(Photo Credit - Cara Gamble, Cara Liane Photography)
We had the opportunity to interview up-and-coming alt act Still Bones! They just released their self-titled LP on July 9, 2021! Check out what they had to say in our Artist Spotlight interview.
1. How did you come to pursue music and how long have you been at it?
"My dad plays guitar so I pretty much always wanted to play. I took piano lessons for years as a kid and played saxophone in the school band; I was never particularly good at either. I got my first guitar for my 12th birthday and just started playing it all the time, mostly Blink 182 and Sum 41 songs."
2. Could you walk us through your process of writing music?
"Overall, I have a fairly loose methodology. I almost always start with the guitar—sometimes I’ll get a melody in my head and then put chords underneath it, but usually I start with a guitar riff or chord progression. I often like to loop something and then riff on top until I play something that stands out. Once I have some guitar sections down I usually move onto the vocals. Sometimes I write the vocal melodies on the guitar, and other times I’ll start singing and let random words come to me. Sometimes those words get scrapped and sometimes they end up driving the rest of the lyrics. Then I’ll add in virtual drums (for demo purposes) along with bass and then begin layering other instruments, slowly creating the song structure along the way. So yeah, pretty loose process."
"Dopeful is my first real attempt at full-fledged song writing. Prior to Still Bones I mostly just contributed lead guitar parts to songs that were fairly fleshed out. The interesting part is that I worked on most of the songs from Dopeful over several years so there were a lot of iterations and versions."
3. What artists have inspired you in your career?
"I’m always drawn to bands with interesting guitar work. Built to Spill, Modest Mouse, and Brand New are some of my longtime favorites (I obviously don’t condone Jesse Lacey’s actions that surfaced a few years ago, but I can’t deny that Brand New has had a huge impact on my musical style). When I think about music that inspires me, here are some other bands that come to mind: the Pixies, Weatherbox, Bright Eyes/Conor Oberst, Manchester Orchestra, Wavves, Free Throw, Title Fight, Real Estate, and Pile just to name a few."
4. Do you have any favorite music gear (guitars, amps, effects pedals, keyboards, etc.) that you love to use? If so, what’s the story on them?
"Like a lot of guitarists, I’m obsessed with gear. I feel like I’m always buying guitars, amps, and pedals—especially pedals. My favorite guitar at the moment is probably my Fender Classic Series ‘60s Jaguar. I was in Portland, OR a few years ago and stopped in at a guitar shop for fun; I love going to guitar shops when I’m visiting a city. I played a bunch of cool guitars there and when I was leaving an employee asked me which one I liked the most. Without hesitating I said the Jaguar and ended up buying the same model shortly after. I used it a lot while recording Dopeful. I also really love my Fender American Vintage Reissue ‘72 Telecaster Custom and my Fender Jazzmaster, which is a partscaster."
"I have a lot of pedals that I love but the foundation of my tone for a long time has been built on the Analogman Prince of Tone and the Walrus Audio Voyager. I especially like to stack them together for a big overdrive sound. They were some of the first overdrives that I bought when I started getting into pedals and they’ve yet to be knocked off my board."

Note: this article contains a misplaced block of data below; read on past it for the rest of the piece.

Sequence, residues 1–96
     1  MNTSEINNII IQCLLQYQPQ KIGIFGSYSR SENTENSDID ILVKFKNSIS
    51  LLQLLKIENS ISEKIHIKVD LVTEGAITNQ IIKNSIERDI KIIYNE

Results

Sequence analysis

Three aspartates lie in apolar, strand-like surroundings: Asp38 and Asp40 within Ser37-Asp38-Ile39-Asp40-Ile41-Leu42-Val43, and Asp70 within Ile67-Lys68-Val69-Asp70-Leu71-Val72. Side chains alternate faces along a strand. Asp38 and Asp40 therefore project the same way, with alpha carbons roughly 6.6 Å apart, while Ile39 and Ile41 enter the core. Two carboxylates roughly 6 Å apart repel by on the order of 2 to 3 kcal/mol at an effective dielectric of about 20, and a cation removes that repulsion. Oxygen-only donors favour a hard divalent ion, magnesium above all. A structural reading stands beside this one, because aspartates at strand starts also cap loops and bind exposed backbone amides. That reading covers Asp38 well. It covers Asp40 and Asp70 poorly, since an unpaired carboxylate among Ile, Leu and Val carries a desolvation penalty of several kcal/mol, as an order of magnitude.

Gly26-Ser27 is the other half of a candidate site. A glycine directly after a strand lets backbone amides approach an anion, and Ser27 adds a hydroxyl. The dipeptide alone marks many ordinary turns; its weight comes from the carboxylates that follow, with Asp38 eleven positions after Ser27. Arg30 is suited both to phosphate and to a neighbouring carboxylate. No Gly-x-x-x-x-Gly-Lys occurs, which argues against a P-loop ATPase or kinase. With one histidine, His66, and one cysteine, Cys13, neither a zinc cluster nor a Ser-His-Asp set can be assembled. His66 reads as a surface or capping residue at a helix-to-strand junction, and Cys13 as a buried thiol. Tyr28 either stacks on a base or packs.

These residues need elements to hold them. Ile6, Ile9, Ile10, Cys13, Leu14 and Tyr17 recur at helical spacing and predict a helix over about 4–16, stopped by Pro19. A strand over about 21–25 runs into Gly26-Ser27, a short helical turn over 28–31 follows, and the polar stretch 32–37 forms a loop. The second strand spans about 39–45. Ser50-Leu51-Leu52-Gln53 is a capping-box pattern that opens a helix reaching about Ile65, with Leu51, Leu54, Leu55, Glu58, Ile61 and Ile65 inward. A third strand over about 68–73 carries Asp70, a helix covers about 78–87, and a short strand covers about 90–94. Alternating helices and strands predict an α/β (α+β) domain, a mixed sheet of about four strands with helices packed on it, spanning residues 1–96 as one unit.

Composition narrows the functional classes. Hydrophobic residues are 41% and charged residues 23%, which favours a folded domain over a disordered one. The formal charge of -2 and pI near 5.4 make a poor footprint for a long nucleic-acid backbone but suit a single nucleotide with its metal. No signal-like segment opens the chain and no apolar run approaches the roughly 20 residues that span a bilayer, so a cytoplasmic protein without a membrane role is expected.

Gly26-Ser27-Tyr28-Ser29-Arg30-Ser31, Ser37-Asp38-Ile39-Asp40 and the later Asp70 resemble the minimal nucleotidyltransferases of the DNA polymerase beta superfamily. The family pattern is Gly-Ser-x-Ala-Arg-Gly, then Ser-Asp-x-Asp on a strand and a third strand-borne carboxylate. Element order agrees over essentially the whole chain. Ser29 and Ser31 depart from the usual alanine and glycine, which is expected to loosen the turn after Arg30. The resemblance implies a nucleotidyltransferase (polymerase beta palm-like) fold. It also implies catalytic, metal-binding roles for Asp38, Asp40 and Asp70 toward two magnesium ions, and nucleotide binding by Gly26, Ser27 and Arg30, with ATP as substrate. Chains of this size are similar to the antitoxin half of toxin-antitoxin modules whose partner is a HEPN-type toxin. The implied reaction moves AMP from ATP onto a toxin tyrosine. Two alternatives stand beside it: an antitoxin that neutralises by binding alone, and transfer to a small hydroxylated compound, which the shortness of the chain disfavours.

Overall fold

5. Can you describe the vibe at your live shows? Also, what do you enjoy most about a venue when you do a show?
"Unfortunately we haven’t had any live shows yet. Still Bones started as a solo project but the full band lineup is actively rehearsing and we’ll be playing shows soon!"
6. What is one thing that you want the public to know about your music?
"I guess I want people to know that my music isn’t all doom and gloom and depressing, or at least that’s not my intention. A friend of mine described Dopeful as having dark positivity and I think that’s a good way to put it. Just like there’s no light without dark, sometimes you have to explore the bad feelings in life in order to appreciate the good."
7. Tell us about the writing, recording, and promotion process for Dopeful.
"I wrote most of the songs for Dopeful over the course of several years—some of them go back as far as 2017, even if it was just a riff or some idea. They weren’t all conceived over several years though, for example I wrote “Tying Knots” while stuck at home during the covid-19 pandemic. The pandemic was kind of the impetus that got me to focus on my own songwriting. I used my extra free time provided by the pandemic as an opportunity to start organizing old demos, riffs, and bits of lyrics. Throughout the summer of 2020 I rewrote old parts and solidified my demos to take to the studio."
"I worked with Sean Mercer at Magpie Cage in Baltimore, MD, which is a very cool studio with a great-sounding live room. Sean has a great ear and, since I wrote this record on my own, it was great to be able to bounce ideas off of him. He also connected me with the talented John Burkhardt, who played drums on the record. My favorite part of recording is getting guitar tones. I think I brought 8 guitars to the studio and used all of them. It was also really cool to explore all the different amps at Magpie Cage. And of course we did a lot of pedal tweaking. I’m very happy with the sounds we got."
"It was hard to do a lot of promotion because of the pandemic, but I did the typical social media stuff and was amazed at the love I received from friends and fellow musicians."
8. What’s next for you?
"We’re working on our live set and I’m looking to start booking shows as soon as possible to help support Dopeful."